In various blogs (TORONTO BIKERS BEWARE: & “DOORING” MAJOR DANGER FOR TORONTO CYCLIStS) I have explored the dangers of biking in Toronto. But, what about the dangers that cyclists create for motorists? I can only imagine the emotional turmoil that a motorist who strikes a cyclist must suffer. What can bikers do to keep themselves safer? Beyond wearing a helmet, wear lights at night. Don’t blend into bad lighting and traffic; stand out with noticeable gear and protective headwear. Don’t cut cars off! Do not casually roll through lights or stop signs and certainly do not go against the grain of traffic to save time. I do not agree with biker bashing, but several of these motorists’ claims could have been avoided by safer, smarter biking. Do not shed a negative light on Toronto’s cycling community. Educate yourself or advocate for public cycling education. Let’s keep Toronto’s streets safe for everyone. Stand up for yourself by being safe and continuing to enjoy fast, cheap travel in Toronto.

https://johndiogenous.wordpress.com/2013/07/19/dooring-major-danger-for-toronto-cyclists/

“Bike to the Bombers” Big Hit with Cyclists - John Diogenous

“Bike to the Bombers” Big Hit with Cyclists

While reading the paper today I found an exciting story about sports fans in Winnipeg. I wanted to share this news with Toronto because I am hopeful this is what the future of our sports fans looks like. While the Argonauts blasted the Bombers in a blowout victory, it was the Bombers’ fans who truly won the greatest victory before and after the game.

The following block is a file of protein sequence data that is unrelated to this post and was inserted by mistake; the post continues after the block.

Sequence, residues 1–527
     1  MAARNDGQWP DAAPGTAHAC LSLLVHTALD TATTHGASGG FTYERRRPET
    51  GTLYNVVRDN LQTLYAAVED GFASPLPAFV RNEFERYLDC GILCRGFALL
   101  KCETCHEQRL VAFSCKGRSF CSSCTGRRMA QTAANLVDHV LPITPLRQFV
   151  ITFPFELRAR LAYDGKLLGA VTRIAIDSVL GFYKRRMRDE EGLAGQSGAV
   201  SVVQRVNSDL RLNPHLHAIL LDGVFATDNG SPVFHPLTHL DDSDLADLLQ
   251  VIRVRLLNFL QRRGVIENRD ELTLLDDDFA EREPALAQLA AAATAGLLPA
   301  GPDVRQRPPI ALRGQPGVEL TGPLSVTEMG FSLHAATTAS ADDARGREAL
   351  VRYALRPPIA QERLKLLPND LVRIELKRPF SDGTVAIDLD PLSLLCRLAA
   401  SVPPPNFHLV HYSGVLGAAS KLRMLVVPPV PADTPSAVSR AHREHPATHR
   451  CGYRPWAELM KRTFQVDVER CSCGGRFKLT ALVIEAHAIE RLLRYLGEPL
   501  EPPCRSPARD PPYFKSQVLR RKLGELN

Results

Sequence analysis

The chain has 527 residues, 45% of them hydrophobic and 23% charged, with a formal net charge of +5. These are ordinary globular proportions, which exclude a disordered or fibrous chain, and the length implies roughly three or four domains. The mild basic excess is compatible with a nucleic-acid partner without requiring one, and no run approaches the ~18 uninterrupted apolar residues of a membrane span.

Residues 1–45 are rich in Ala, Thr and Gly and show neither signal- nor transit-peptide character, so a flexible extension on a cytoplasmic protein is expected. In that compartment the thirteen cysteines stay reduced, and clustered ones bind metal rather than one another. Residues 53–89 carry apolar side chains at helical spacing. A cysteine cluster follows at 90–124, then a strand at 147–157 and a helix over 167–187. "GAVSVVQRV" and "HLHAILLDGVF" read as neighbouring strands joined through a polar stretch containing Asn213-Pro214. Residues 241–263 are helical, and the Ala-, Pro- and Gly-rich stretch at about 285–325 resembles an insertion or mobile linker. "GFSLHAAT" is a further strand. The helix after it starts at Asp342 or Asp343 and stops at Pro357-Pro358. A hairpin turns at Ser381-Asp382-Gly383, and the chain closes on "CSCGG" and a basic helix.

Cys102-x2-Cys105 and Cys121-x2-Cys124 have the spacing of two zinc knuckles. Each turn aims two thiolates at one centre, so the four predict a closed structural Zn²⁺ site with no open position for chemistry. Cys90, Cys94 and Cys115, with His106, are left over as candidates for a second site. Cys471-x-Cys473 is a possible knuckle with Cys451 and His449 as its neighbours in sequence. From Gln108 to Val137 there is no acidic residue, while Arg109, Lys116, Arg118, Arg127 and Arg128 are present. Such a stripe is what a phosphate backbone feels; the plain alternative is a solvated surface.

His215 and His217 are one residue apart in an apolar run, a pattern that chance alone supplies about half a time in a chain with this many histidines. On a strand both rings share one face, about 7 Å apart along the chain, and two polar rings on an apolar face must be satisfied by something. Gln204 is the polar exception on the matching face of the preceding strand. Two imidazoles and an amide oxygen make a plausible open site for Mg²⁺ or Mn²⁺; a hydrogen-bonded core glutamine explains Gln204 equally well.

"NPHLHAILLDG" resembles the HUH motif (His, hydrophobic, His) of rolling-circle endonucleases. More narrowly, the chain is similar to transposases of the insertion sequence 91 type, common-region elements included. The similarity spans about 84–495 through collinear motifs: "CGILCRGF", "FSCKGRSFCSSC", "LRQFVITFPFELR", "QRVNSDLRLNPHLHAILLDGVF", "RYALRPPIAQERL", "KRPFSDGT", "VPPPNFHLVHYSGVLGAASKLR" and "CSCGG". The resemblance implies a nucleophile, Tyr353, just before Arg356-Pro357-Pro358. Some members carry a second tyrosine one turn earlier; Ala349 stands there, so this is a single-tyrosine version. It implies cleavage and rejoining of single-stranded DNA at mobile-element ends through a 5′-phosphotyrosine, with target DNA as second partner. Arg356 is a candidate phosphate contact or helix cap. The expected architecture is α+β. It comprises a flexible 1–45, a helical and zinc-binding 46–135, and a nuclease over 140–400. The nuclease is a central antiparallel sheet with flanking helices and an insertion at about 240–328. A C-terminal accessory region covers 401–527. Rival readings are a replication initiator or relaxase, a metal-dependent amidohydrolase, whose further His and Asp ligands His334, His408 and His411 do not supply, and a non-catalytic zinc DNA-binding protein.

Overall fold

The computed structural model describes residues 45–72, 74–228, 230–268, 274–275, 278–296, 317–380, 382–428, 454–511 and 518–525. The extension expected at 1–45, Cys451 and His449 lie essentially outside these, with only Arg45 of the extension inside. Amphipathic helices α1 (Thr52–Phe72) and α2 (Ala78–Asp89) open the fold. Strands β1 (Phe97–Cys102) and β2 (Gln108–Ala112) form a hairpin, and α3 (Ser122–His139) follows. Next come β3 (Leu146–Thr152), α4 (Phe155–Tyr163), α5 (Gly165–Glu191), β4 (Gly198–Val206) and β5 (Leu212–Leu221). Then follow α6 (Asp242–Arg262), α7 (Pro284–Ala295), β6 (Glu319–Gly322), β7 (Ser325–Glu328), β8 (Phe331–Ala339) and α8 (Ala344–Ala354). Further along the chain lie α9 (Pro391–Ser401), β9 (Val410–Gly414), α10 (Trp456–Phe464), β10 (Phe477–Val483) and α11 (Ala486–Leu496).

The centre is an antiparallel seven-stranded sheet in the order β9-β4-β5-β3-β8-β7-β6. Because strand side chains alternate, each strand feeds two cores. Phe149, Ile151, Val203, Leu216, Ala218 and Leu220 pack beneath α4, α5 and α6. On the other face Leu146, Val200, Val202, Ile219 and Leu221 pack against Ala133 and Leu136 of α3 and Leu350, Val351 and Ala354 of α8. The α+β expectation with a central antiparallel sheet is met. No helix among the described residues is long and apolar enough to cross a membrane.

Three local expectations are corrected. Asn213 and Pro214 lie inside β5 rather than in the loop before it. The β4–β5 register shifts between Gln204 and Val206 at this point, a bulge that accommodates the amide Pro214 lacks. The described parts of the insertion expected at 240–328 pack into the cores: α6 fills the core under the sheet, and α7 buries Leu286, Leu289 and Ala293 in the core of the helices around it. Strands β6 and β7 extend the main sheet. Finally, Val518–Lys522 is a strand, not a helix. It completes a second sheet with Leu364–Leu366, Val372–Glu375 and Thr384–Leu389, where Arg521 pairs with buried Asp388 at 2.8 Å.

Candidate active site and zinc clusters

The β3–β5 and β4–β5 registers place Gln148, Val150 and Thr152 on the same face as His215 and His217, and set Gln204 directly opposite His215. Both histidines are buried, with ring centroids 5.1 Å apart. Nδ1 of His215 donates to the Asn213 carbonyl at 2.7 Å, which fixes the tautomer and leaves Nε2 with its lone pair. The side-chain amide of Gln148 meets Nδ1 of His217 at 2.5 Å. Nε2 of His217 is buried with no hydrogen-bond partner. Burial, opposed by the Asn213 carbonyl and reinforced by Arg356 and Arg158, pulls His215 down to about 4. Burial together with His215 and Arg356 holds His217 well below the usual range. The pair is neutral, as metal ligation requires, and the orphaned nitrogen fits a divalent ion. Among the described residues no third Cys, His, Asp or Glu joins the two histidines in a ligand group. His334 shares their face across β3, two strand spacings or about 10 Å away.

One June 12, the new Investors Group Field was absolutely flooded with….bicycles? That’s right; over 1,200 fans rode their bicycles to the Bombers’ home opener against the Toronto Argonauts. A Winnipeg cycling enthusiast, Anders Swanson, was more than pleasantly surprised to count 1,222 bicycles chained up to anything that could hold a bike lock. As the cyclists poured into the stadium the positive impact of this cycling phenomenon quickly became apparent.

The Bomber’s fan-friendly new stadium offers visitors a complimentary bike valet to encourage fans to leave their cars at home. This idea took off in response to the terrible traffic jams that occurred before and after games. The Bombers had been battling with fan complaints and struggled with a resolution. However, even the Blue Bombers spokesperson, Darren Cameron, could not believe the sea of bikes pouring into the stadium on June 12. Cameron admitted that the old stadium used to only see about 60-70 cyclists. He was thrilled to see people taking advantage of the bike valet service and truly enjoying the outdoors prior to an incredible game.